Washington: What if you could decode people’s inner thoughts? A team of researchers has built a “semantic atlas” that shows in vivid colors and multiple dimensions how the human brain organizes language.
The atlas by the University of California scientists identifies brain areas that respond to words that have similar meanings.
The findings are based on a brain imaging study that recorded neural activity while study volunteers listened to stories from “The Moth Radio Hour.” They show that at least 1/3 of the brain’s cerebral cortex, including areas dedicated to high-level cognition, is involved in language processing.
Notably, the study found that different people share similar language maps.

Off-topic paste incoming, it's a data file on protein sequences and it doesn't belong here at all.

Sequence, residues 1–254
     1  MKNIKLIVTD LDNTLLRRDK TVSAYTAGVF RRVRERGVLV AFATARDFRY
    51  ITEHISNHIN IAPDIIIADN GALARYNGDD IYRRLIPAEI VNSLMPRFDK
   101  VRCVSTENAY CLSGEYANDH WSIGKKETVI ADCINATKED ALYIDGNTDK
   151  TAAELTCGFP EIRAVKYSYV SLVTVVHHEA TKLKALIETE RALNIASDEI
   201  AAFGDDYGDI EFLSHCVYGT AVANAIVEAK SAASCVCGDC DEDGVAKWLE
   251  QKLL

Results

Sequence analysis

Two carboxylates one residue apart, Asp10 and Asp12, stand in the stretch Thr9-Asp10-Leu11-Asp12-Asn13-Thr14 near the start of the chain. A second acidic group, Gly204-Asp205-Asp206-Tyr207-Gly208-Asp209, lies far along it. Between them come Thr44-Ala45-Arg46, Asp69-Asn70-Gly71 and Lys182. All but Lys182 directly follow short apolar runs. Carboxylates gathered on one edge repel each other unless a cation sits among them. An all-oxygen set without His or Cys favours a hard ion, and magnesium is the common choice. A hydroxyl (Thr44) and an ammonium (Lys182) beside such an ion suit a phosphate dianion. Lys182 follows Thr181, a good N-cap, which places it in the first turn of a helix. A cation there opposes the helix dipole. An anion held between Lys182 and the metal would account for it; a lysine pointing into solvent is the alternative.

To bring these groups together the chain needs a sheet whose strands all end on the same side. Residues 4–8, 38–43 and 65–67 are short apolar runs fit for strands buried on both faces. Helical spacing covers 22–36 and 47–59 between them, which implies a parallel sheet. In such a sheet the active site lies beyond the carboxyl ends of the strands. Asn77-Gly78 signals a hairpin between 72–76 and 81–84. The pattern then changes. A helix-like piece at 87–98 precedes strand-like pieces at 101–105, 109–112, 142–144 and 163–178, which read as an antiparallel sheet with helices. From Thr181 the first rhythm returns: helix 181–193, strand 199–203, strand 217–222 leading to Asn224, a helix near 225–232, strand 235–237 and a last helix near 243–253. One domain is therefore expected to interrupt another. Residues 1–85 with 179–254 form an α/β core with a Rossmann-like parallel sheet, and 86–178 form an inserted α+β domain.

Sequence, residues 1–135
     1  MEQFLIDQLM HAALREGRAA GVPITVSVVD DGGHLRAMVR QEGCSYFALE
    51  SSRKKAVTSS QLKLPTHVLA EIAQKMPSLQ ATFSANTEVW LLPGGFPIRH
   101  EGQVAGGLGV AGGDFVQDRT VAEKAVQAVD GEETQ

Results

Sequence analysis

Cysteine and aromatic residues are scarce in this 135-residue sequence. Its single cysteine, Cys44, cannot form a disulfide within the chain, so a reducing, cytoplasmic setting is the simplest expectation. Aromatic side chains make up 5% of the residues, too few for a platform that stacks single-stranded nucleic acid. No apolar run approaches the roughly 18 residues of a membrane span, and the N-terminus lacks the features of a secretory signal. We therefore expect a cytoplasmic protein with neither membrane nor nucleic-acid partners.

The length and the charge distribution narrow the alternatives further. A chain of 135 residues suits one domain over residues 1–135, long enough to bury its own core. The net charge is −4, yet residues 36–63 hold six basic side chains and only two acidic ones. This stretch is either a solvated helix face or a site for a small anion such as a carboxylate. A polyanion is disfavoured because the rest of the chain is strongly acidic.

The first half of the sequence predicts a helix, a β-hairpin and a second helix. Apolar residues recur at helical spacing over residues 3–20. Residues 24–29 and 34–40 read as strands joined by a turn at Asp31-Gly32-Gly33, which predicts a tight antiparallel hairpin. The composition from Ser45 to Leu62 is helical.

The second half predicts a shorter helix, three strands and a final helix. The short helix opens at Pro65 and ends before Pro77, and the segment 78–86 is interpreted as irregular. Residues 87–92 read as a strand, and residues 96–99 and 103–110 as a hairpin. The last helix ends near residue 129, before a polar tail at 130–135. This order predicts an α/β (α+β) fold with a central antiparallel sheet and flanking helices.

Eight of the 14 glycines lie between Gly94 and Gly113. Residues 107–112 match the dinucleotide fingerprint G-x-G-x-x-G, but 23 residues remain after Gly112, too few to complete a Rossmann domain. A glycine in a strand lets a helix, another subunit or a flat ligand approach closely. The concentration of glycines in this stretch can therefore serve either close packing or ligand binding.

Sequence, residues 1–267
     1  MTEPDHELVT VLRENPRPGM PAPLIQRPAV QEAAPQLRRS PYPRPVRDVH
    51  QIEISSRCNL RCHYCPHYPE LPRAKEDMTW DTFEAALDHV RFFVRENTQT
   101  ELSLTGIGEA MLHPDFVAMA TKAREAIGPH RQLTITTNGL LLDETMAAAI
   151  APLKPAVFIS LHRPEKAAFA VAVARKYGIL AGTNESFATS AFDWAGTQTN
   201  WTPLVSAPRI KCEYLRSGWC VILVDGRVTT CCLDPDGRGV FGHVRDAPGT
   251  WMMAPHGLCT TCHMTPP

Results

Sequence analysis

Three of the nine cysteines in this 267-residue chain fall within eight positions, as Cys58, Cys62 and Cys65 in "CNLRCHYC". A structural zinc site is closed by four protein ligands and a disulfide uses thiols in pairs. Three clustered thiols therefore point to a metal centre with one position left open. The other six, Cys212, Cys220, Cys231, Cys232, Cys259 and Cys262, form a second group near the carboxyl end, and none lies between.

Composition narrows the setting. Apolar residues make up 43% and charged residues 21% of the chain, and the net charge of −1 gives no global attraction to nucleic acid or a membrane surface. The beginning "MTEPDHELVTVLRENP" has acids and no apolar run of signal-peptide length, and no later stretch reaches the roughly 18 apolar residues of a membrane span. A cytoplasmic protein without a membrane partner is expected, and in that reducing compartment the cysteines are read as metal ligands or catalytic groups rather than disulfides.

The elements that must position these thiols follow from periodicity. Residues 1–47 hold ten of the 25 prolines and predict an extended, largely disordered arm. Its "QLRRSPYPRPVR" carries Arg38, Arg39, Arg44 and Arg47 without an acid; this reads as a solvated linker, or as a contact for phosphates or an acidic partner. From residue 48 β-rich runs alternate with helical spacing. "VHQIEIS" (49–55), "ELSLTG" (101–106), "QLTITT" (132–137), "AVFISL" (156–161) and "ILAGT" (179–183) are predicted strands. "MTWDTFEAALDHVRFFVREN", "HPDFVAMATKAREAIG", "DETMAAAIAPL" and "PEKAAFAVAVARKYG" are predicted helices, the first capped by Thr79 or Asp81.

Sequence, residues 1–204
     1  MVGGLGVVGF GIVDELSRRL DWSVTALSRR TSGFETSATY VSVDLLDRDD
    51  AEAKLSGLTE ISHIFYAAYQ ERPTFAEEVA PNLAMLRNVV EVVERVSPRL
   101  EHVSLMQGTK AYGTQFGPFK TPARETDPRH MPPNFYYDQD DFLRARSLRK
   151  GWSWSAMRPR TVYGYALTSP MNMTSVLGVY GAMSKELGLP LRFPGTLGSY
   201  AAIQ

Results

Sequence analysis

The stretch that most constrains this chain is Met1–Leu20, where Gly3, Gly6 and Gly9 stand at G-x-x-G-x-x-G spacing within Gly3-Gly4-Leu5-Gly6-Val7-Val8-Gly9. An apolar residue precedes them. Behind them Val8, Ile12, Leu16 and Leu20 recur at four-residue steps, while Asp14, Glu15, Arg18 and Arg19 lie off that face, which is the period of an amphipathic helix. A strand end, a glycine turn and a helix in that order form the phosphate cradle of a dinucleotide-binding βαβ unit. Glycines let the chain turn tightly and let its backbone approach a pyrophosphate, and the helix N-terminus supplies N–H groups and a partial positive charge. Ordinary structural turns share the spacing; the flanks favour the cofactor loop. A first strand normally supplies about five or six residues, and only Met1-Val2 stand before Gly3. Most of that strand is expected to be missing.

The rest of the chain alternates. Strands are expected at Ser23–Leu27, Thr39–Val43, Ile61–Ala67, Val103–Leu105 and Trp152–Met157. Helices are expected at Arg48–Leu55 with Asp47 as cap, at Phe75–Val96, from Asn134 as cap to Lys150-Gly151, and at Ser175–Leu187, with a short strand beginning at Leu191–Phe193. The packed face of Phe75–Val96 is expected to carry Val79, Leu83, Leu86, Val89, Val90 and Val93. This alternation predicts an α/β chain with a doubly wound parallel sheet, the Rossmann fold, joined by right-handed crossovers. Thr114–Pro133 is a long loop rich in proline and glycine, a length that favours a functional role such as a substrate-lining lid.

“The similarity in semantic topography across different subjects is really surprising,” said study lead author Alex Huth.
Detailed maps showing how the brain organizes different words by their meanings could eventually help give voice to those who cannot speak, such as people who have had a stroke, brain damage or motor neuron diseases such as ALS.
While mind-reading technology remains far off on the horizon, charting language organization in the brain brings decoding inner dialogue a step closer to reality, the researchers said.
“This discovery paves the way for brain-machine interfaces that can interpret the meaning of what people want to express,” Huth said. “Imagine a brain-machine interface that doesn’t just figure out what sounds you want to make, but what you want to say.”
The study is published in the journal Nature. (ANI)